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N. Korea warns Seoul of 'serious threat' over missile remark

The influential sister of North Korean leader Kim Jong Un called South Korea’s defense minister a “scum-like guy” for talking about preemptive strikes on the North, warning Sunday that the South may face “a serious threat.”

Kim Yo Jong’s statement came amid heightened tensions between the rival Koreas over the North’s spate of weapons tests this year, including its first intercontinental ballistic missile launch in more than four years.

The ICBM test that broke North Korea’s four-year moratorium on big weapons tests was a huge embarrassment to South Korea’s liberal President Moon Jae-in, who has pushed hard to achieve greater reconciliation between the countries and find a peaceful resolution to the North Korean nuclear crisis.

During a visit to the country's strategic missile command on Friday, South Korean Defense Minister Suh Wook said that South Korea has the ability and readiness to launch precision strikes on North Korea if it detects the North intends to fire missiles at South Korea. Seoul has long maintained such a preemptive military strategy to cope with North Korea’s growing missile and nuclear threats, but it was still highly unusual for a senior Seoul official under the Moon administration to publicly discuss it.

On Sunday, Kim’s sister, Kim Yo Jong, issued blistering rhetoric directed at Suh and threats toward Seoul.

“The senseless and scum-like guy dare mention a ‘preemptive strike’ at a nuclear weapons state,” Kim Yo Jong said in a statement carried by state media. “South Korea may face a serious threat owing to the reckless remarks made by its defense minister.”

“South Korea should discipline itself if it wants to stave off disaster,” she said.

Kim Yo Jong, a senior official in the North’s ruling Workers’ Party, is in charge of relations with Seoul and Washington. South Korea’s spy service says she is the North’s No. 2 official behind her brother.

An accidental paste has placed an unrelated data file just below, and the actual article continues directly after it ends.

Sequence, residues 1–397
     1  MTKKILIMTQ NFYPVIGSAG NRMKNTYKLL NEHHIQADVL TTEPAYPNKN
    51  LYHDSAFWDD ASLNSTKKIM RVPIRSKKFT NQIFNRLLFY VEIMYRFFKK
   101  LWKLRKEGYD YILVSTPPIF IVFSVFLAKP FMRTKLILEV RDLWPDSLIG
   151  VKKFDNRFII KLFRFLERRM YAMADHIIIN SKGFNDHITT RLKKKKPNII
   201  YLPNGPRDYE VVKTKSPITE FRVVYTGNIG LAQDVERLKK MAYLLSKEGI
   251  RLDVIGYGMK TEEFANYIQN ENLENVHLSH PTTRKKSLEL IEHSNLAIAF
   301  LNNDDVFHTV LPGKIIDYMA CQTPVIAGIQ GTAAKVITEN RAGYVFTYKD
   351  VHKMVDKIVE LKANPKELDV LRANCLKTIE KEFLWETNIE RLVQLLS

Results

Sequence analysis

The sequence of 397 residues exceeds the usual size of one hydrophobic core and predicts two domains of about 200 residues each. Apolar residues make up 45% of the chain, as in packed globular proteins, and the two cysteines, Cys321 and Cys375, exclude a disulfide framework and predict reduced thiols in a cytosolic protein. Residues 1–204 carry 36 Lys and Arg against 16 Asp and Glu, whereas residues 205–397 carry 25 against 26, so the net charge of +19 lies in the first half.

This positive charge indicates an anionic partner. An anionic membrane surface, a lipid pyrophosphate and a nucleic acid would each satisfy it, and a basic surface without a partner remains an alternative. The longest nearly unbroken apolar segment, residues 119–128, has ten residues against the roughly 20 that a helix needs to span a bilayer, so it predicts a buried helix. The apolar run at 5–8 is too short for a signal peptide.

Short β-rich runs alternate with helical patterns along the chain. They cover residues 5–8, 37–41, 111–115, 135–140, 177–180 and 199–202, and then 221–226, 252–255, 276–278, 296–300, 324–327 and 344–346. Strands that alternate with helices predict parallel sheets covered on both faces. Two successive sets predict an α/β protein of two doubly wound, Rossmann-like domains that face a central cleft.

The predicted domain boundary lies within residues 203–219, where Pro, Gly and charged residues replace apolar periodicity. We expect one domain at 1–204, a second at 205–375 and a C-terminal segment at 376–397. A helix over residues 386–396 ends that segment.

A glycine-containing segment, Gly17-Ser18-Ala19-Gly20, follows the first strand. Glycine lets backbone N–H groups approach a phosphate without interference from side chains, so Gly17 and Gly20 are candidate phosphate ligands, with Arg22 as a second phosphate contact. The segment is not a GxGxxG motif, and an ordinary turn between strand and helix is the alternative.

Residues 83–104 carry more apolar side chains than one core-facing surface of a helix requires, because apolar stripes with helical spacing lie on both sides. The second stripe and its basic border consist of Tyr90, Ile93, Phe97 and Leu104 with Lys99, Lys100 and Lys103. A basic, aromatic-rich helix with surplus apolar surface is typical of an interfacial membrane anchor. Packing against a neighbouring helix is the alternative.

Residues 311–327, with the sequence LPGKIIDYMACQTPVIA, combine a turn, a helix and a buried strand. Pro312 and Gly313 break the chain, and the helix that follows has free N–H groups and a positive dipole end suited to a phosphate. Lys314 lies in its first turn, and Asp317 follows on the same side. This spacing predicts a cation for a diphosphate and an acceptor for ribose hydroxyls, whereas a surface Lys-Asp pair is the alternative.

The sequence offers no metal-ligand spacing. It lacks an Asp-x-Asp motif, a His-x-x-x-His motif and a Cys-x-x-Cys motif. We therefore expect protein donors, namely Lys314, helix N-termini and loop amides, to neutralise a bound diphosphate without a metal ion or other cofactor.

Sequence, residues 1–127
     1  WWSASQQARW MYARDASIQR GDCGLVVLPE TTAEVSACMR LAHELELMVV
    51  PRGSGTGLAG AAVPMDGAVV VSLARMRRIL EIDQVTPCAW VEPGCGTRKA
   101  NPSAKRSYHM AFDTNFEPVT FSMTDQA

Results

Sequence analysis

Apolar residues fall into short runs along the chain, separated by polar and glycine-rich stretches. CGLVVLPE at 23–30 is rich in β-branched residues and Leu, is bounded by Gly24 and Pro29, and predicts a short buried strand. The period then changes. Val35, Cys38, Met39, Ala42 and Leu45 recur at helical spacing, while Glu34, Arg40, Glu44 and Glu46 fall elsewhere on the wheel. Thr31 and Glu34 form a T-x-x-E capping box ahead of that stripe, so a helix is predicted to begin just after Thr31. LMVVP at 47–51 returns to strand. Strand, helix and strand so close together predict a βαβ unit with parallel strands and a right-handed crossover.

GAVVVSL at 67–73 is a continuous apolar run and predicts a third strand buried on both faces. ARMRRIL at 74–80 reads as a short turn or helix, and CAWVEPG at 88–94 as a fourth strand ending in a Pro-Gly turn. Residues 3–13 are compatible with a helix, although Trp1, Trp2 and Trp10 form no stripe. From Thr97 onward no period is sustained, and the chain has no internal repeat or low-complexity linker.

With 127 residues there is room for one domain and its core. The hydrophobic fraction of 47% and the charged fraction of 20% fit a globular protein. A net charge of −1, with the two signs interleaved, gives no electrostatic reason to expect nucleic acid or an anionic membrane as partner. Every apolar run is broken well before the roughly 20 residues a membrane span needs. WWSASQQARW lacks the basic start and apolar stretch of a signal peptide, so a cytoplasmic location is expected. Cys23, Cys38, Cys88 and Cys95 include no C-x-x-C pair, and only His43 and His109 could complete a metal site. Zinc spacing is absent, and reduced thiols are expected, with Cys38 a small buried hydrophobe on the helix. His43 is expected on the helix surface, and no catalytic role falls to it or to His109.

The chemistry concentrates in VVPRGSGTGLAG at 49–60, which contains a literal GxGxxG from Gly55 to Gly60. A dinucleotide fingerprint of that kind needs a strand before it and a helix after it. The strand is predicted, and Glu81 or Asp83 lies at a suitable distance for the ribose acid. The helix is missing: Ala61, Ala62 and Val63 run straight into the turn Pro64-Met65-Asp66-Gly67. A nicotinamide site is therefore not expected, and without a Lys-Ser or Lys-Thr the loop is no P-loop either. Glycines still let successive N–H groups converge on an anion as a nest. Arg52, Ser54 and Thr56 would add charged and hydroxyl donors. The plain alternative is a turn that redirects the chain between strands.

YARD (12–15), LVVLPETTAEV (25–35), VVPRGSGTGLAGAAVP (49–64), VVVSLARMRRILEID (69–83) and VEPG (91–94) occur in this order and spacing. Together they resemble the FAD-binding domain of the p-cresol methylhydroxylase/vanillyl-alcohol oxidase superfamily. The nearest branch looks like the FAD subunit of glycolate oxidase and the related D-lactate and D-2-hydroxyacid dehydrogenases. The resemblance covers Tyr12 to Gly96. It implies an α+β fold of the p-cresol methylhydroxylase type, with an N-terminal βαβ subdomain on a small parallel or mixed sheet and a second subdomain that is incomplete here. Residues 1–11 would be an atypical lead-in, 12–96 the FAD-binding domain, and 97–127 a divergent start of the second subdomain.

Pak Jong Chon, a secretary in the Workers’ Party’s central committee, separately warned that “any slight misjudgment and ill statement rattling the other party under the present situation” may trigger “a dangerous conflict and a full-blown war.”

Pak said North Korea will “mercilessly direct military force into destroying major targets in Seoul and the South Korean army” if South Korea preemptively attacks North Korea.

Relations between the Koreas briefly flourished in 2018 after North Korea abruptly reached out to South Korea and the United States and expressed its willingness to put its nuclear program on the bargaining table. At the time, Kim Yo Jong visited South Korea to attend the opening ceremony of the Winter Olympics and conveyed her brother’s invitation for Moon to visit the North. Kim Jong Un and Moon eventually met three times in 2018.

But North Korea turned a colder shoulder on Moon and cut off ties with South Korea after its broader diplomacy with the United States collapsed in 2019 due to disputes over U.S.-led economic sanctions on the North.

The United States has urged North Korea to return to talks without preconditions, but the North has rejected such an overture saying the U.S. must first drop its hostility toward it. Kim Jong Un has repeatedly vowed to expand his nuclear arsenal as a diplomatic stalemate with Washington continues.

Some experts say the North’s recent missile tests were meant to perfect its weapons technology, boost its leverage in future negotiations with the U.S. and secure stronger internal loyalty. They say North Korea could soon conduct another ICBM launch, a launch of a satellite-carrying rocket or a test of a nuclear device in coming weeks.